Today’s student is Ye Beh Lieng (連弊, pinyin Lián Bì), a student with a story that is sadly common not just to the Boxer Indemnity international students of my research, but also to university students throughout history. You see, Y. B. Lieng began his university studies and got almost the whole way through, but had to stop for personal reasons, and never returned.
So, a few months ago, I had the opportunity to poke around in the Oberlin College Archives. They keep extensive records of their alumni, and there are a whole bunch of Boxer Indemnity Scholars who once attended Oberlin. And if the Oberlin College Boxer Indemnity Scholars community can be said to have a “power couple”, Elizabeth Cornish and H. J. Fei would be it. Normally I would address a couple in the same post, as I did with Bertie Chan and G. G. Leong, but each of these students have so much information and documents to get through, I have to break them up.
I was skimming through my unpublished drafts today, and I noticed that although I finished my postings on the Chan family over two months ago, I never posted about the middle daughter: Lillian Chan. Oops. So here’s a short post about the final daughter of the Chan family who studied in American schools: Lily Chan.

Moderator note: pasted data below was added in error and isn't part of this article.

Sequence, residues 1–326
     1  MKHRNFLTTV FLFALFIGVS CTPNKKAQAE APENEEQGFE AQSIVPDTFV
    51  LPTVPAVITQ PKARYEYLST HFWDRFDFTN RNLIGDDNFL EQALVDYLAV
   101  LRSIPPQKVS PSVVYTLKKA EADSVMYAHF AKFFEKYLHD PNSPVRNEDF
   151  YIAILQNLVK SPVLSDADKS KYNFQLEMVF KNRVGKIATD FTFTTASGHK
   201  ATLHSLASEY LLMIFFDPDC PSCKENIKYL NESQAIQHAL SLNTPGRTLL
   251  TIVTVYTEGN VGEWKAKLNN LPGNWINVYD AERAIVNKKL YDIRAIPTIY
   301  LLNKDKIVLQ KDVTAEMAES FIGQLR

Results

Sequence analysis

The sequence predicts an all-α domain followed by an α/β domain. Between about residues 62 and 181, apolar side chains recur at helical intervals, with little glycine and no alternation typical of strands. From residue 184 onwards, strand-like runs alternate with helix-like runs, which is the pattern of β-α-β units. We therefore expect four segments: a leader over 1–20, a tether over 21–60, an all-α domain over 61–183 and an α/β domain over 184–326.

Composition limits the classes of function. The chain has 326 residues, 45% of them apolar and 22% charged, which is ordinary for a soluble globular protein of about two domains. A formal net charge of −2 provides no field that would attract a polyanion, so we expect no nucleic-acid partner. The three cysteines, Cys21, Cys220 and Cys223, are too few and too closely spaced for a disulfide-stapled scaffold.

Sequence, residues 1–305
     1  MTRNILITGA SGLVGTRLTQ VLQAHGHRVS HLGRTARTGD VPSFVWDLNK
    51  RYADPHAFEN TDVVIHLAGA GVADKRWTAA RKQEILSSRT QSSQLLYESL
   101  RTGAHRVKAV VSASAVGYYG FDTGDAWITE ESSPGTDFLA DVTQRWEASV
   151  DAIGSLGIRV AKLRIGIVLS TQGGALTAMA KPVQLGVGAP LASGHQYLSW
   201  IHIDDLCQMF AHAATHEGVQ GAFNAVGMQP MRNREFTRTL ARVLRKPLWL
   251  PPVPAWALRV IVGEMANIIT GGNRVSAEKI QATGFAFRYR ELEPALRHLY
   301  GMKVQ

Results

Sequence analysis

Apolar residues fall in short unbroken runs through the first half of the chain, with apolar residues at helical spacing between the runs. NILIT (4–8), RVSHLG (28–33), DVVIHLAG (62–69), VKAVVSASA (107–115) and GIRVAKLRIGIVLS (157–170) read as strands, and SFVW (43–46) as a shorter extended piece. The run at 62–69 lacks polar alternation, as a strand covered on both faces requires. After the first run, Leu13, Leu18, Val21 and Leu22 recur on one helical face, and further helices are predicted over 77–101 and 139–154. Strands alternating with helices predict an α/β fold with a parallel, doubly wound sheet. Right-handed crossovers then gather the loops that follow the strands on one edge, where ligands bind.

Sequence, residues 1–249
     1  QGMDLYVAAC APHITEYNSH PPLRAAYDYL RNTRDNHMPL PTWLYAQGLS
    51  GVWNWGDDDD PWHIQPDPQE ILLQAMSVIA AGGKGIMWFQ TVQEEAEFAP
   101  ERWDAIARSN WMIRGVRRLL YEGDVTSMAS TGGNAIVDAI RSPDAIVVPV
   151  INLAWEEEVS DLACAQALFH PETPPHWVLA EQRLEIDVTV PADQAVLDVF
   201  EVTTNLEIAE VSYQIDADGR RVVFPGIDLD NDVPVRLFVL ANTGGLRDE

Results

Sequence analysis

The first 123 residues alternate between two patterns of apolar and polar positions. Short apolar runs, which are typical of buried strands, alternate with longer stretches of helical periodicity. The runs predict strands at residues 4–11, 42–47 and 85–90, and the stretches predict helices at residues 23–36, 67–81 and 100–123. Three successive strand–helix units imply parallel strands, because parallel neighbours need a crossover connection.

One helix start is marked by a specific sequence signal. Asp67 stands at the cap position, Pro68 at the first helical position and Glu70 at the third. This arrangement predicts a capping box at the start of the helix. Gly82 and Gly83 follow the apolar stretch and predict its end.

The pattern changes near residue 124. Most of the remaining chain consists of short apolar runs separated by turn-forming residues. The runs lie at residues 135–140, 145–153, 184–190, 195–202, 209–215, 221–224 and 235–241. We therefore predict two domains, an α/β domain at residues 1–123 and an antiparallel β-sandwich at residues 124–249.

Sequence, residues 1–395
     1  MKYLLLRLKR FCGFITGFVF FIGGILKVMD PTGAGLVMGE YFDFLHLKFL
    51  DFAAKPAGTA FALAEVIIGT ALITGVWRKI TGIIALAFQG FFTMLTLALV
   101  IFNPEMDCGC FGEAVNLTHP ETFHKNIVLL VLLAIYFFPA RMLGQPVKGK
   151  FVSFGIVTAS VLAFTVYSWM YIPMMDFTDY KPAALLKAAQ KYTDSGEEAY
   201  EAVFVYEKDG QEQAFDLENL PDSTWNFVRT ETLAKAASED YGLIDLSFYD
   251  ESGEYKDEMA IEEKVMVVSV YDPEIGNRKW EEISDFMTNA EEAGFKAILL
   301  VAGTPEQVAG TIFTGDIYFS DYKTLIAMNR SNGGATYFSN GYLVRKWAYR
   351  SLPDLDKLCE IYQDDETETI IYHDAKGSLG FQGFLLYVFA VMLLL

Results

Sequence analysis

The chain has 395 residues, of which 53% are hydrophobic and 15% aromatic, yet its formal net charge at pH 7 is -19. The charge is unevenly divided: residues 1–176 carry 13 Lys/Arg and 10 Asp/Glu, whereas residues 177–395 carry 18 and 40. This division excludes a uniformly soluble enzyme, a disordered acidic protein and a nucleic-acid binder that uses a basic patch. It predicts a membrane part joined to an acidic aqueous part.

Despite the title of this blog, the Boxer Indemnity Scholars, this is the first entry to date which will be dealing with an actual student with a scholarship from the Boxer Indemnity Fund. Hou Kun Chow (周厚坤, pinyin Zhōu Hòukūn) was born on 27 September 1891 in Wusi, Jiangsu province. He was a student at Nanyang College in Shanghai, the current Jiao Tong University (Who’s Who of American Returned Students, 1917). He arrived in America on 11 September 1910 on board the steamship China, headed for Boston with the second group of Boxer Indemnity Scholars (ship’s manifest, link to Ancestry.com copy; Chow Hou-Kun, 2015).